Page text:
2L to 3L year: Time to plan you future

By Christie Weidemann, Esq.,
BARBRI Manager of Legal Education and Legal Education Advisor

So you are finally wrapping up your 2L year that, if you are like most students, was so busy you did not really have time to stop and think. Not to worry – that is what your 3L year is for.

You finally have this law school thing down and now it’s on to the rest of your life. In the midst of finishing up your classwork, 3L year is about figuring out where you want to live, where you want to work and, perhaps most importantly, where you can find a job.

START SOON ON THE BAR EXAM APPLICATION

You’re still handling school and extracurricular activities, and it is time to determine where you are going so you can register for the proper state’s bar exam by the deadline. Make sure you check your potential state(s) in the fall 3L semester to have plenty of time to complete the bar exam application. You don’t want to risk missing any deadlines.

GET THE MPRE OUT OF THE WAY

Another couple of things to add to your to-do list: take the November MPRE if you have not already and sign up for the free MPRE review course. I always advise against waiting until the spring MPRE because if you happen to miss the required score, you really do not to wait until August to take it again. At that point, you’d have to suffer through another test after just completing a bar exam.

LOCK IN YOUR BARBRI BAR REVIEW COURSE

Also, do not hesitate on registering for your BARBRI bar review course and taking advantage of a locked-in tuition rate. Once you are enrolled, you have time to figure out the logistics of the bar review course location to attend, as well as all the online bar review study resources available.

Despite everything you have going on, try to enjoy your last year of law school. You will not ever have this time back. For most graduating students, work will continue for the rest of your life. Remain in touch with the good friends you have made and soak in all the knowledge you are gaining while you have it!

Law school problems: What if I don’t have a summer job?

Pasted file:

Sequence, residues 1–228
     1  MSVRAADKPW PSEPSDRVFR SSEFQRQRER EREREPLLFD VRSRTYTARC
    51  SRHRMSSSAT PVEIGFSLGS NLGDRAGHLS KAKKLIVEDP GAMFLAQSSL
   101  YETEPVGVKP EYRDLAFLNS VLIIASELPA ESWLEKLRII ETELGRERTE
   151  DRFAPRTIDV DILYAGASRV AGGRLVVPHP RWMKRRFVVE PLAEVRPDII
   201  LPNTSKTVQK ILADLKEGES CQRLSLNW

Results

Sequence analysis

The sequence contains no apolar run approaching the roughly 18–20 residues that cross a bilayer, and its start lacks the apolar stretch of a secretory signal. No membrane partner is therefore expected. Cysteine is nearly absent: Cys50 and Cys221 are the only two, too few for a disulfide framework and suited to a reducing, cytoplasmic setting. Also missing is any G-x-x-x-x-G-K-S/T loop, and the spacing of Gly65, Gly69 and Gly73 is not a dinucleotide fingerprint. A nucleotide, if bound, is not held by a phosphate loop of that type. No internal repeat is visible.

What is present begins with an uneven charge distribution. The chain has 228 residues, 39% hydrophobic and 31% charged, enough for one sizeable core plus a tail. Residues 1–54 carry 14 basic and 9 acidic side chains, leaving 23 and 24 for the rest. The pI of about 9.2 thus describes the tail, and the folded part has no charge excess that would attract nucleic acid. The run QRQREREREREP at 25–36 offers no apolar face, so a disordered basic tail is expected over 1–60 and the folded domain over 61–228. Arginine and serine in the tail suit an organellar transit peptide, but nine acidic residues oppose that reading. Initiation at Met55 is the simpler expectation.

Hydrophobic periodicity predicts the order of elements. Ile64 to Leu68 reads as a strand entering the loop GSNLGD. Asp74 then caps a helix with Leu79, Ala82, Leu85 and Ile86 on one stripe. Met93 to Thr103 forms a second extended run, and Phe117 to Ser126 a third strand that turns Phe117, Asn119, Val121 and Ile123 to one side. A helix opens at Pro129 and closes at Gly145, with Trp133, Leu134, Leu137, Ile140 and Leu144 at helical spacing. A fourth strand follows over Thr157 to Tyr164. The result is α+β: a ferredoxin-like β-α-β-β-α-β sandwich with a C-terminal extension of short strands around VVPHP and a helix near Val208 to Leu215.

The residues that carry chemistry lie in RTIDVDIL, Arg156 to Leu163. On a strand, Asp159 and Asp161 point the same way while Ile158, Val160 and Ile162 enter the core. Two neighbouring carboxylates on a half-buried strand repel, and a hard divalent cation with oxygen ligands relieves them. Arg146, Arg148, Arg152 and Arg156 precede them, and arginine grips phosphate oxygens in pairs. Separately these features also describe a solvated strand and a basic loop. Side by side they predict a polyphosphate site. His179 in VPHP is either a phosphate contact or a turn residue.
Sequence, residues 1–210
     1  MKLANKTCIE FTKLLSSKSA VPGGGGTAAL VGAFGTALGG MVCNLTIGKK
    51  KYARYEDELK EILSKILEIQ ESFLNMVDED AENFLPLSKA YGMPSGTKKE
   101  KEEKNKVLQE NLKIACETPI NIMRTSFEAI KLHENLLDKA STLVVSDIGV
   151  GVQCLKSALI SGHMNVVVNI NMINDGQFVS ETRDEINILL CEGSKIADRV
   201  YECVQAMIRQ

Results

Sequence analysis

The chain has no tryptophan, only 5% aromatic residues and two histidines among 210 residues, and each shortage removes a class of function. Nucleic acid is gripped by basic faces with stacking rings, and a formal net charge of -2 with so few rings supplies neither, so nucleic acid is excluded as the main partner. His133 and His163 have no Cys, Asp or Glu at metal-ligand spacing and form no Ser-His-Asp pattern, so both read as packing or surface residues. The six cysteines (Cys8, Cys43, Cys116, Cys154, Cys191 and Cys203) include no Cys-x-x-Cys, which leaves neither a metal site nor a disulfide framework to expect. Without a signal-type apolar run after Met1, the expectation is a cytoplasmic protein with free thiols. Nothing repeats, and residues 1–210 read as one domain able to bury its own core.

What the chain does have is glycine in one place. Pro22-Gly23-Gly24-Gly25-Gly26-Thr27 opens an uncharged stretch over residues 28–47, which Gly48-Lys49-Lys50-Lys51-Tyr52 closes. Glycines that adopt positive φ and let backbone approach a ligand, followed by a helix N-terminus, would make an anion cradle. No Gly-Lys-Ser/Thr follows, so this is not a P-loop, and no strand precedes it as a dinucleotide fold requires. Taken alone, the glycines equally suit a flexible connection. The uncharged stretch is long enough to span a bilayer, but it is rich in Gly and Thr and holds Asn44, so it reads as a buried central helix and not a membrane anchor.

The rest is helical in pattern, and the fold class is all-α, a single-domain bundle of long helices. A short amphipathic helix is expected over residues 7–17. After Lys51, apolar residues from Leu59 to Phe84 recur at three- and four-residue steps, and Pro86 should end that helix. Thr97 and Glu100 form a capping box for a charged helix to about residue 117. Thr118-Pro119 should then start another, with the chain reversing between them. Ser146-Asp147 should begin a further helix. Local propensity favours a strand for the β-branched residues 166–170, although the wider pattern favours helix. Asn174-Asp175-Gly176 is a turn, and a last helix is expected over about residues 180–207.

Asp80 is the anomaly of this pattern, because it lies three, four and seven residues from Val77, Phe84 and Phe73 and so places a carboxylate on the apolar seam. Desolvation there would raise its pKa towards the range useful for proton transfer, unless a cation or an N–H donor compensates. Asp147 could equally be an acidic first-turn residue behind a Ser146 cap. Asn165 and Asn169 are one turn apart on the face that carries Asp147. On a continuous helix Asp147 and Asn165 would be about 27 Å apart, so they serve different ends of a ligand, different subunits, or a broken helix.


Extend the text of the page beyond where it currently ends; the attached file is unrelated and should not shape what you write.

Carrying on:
By Chris Nikitas, Esq.,
BARBRI Director of Legal Education

Alright, you don’t have a summer job.

Whether you’re a 1L or 2L student, this is a rather scary position. First thing’s first. In the words of Douglas Adams, “don’t panic.” Especially in your first year of law school, having a legal job during the summer isn’t an end-of-the-world scenario. I hosted bar exam trivia during my 1L summer. A prominent scholar I know – who shall remain anonymous – taught tennis lessons. The fact is, you can make up for not having a job in a number of ways and here are a few ideas.

DON’T THROW IN THE TOWEL

Okay, maybe when final exams wrap up, you don’t have a job but do not give up. Get out there. Go to legal aid societies, public interest firms, non-profit organizations and start handing out resumes like they’re flyers for a local band. You may get a late start, but you’ll still get to add a valuable line to your resume. At the very least, you’ll get your name circulated and show potential employers that you’re proactive.

TAKE ADVANTAGE OF NETWORKING EVENTS

One of the biggest benefits of a summer job is the networking opportunities; however, you can still network outside of a summer job. There will be networking events all summer for young lawyers and law students. Do some investigating, find some to attend and start slinging around business cards like there’s no tomorrow. You’ll be surprised how quickly these can turn into possible employment leads in the future.

MAKE UP FOR IT DURING THE SCHOOL YEAR

Your school has opportunities to provide you with experience during the year: Field placements, internships and externships. Talk with your career services office to find out what the school can offer you as far as placement help. You’ll get some course credit at the same time, too. Consider taking a litigation or drafting class for some realistic experience that you can add to your cover letter and resume.

SPEAK WITH YOUR PROFESSORS

One of your professors may still need research assistants or may introduce you to someone who would like some summer help. Your professors might even have more sage advice on how to find that elusive summer job.
Above all else, remember, this is not by any means the end of your law school career. Part of my 1L summer, I worked for career services during On Campus Interviews, serving as a runner between the interview rooms. I ate lunch with the attorneys and spoke with them more each day than anyone they interviewed. As a result, I left that week with a stack of business cards that turned into valuable new contacts. I was able to utilize them in the coming years. Just keep at it!